Indeed, adults were quite straightforward about such things back then. I remember, for example, crouching under my school desk during air raid drills. The hypothetical bombs in question were “atom” bombs, which, we were told, could come raining down at any time. I don’t remember any kids my age or thereabouts who were “traumatized” by such information. We trusted that adults knew what they were doing and would protect us as well as they could. We were also aware that “as well as they could” was no guarantee of safety. As Miss Langley astutely pointed out, that was a “healthful” thing for us to know. Kids talked about it freely, but not obsessively. We mostly planned what candy stores we would pillage if we survived.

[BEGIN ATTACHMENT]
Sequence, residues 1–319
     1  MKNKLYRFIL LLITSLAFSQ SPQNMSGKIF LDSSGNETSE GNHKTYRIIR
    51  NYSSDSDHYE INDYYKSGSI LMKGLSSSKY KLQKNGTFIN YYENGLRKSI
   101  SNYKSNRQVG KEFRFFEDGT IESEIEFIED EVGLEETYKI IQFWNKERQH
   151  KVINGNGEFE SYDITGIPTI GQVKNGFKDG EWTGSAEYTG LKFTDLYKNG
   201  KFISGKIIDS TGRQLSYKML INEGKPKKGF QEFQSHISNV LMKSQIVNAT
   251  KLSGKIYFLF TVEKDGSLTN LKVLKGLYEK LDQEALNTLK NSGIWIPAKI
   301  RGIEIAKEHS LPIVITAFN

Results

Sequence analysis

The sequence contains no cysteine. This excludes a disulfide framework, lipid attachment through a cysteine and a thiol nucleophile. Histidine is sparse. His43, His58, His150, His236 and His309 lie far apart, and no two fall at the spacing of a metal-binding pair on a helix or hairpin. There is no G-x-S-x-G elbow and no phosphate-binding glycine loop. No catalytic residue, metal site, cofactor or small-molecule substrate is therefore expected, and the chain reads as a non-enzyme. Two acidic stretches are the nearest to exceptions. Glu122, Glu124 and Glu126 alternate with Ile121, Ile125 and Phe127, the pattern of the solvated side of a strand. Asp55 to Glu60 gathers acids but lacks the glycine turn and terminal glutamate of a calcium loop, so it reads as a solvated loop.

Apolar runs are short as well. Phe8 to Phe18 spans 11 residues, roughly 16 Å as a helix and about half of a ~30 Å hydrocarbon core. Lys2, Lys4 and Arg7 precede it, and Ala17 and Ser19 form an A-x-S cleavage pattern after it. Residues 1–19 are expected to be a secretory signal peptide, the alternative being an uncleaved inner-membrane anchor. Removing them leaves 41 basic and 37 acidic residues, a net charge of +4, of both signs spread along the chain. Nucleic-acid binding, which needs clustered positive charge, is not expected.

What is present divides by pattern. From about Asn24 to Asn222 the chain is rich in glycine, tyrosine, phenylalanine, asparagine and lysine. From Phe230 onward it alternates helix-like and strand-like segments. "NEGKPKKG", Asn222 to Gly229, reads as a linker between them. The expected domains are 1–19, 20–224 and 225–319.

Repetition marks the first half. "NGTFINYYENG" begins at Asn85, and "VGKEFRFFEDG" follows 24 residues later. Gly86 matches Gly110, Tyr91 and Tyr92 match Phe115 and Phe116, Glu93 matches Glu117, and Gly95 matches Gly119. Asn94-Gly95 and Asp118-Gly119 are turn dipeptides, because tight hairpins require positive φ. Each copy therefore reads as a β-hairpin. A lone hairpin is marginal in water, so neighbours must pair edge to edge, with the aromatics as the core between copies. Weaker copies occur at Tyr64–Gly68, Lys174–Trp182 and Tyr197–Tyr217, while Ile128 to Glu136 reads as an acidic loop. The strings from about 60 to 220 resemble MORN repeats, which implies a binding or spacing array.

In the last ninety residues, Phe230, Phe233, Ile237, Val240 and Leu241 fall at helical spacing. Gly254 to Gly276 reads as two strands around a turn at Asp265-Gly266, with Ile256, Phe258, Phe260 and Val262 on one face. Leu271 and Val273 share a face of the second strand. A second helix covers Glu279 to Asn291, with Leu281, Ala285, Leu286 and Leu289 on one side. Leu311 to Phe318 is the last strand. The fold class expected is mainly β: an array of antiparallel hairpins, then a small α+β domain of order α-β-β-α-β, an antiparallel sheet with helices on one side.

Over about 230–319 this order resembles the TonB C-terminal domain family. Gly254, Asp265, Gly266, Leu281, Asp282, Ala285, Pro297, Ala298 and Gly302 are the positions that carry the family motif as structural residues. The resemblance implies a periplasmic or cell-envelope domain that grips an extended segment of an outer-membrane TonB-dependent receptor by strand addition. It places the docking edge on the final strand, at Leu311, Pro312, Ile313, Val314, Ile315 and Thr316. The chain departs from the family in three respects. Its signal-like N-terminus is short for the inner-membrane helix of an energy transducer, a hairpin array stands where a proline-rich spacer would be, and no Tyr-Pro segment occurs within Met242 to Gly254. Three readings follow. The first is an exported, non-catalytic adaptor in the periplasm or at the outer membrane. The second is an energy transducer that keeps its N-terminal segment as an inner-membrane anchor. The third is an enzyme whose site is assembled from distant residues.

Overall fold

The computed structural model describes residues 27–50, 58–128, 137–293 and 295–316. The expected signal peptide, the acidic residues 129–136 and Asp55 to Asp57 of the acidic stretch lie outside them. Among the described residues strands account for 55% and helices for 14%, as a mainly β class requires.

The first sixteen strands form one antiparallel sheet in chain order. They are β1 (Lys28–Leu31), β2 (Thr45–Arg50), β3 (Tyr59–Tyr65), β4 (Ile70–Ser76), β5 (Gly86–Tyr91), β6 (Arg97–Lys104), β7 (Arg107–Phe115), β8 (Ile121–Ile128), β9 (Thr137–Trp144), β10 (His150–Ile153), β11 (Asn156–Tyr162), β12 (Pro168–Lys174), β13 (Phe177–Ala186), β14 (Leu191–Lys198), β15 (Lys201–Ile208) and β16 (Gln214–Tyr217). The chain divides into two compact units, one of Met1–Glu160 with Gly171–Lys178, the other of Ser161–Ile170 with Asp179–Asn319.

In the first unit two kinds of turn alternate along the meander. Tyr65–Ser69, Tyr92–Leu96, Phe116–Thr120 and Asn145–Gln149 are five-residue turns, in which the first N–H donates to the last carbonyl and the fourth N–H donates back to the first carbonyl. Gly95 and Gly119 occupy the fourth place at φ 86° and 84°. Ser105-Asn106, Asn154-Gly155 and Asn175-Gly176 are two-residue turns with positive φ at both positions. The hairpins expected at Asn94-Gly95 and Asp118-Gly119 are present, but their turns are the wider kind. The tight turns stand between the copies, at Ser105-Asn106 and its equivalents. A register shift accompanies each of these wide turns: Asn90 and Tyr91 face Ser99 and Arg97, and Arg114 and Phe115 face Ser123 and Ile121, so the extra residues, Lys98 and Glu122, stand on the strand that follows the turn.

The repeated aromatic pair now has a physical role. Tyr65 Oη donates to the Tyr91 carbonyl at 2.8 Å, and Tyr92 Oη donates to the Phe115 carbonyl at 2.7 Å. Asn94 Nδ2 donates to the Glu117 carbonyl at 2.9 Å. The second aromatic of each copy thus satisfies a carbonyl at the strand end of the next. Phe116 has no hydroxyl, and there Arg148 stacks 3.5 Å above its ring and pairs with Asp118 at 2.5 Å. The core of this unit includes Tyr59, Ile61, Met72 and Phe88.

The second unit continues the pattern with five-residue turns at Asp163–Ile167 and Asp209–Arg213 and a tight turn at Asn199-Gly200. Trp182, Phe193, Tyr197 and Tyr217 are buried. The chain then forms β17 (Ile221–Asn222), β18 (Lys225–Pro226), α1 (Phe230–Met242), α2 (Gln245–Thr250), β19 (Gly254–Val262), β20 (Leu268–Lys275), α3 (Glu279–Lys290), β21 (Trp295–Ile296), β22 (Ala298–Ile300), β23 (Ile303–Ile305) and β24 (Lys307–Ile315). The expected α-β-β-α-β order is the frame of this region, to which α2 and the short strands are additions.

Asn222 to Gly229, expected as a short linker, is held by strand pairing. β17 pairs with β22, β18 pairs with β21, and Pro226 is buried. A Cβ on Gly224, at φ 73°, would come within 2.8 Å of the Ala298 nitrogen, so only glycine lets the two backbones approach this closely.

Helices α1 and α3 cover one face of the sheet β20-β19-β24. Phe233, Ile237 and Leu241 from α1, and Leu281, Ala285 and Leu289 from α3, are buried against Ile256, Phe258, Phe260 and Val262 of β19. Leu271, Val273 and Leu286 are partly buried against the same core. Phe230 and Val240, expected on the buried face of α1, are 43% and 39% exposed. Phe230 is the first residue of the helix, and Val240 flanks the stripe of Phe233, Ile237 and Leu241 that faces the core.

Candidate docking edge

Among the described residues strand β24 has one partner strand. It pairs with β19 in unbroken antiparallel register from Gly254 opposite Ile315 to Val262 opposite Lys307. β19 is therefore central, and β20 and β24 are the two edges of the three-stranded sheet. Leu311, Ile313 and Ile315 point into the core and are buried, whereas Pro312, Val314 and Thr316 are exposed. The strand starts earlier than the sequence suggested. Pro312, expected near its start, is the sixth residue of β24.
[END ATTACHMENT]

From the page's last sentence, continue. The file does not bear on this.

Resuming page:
The article then quotes a prominent psychologist as saying that anxious, frustrated, tense parents can adversely affect their children’s security. In turn, the children may develop various behavior problems. Mind you, many of the sorts of problems in question are today called “disorders” and children, not parents, are often medicated for them.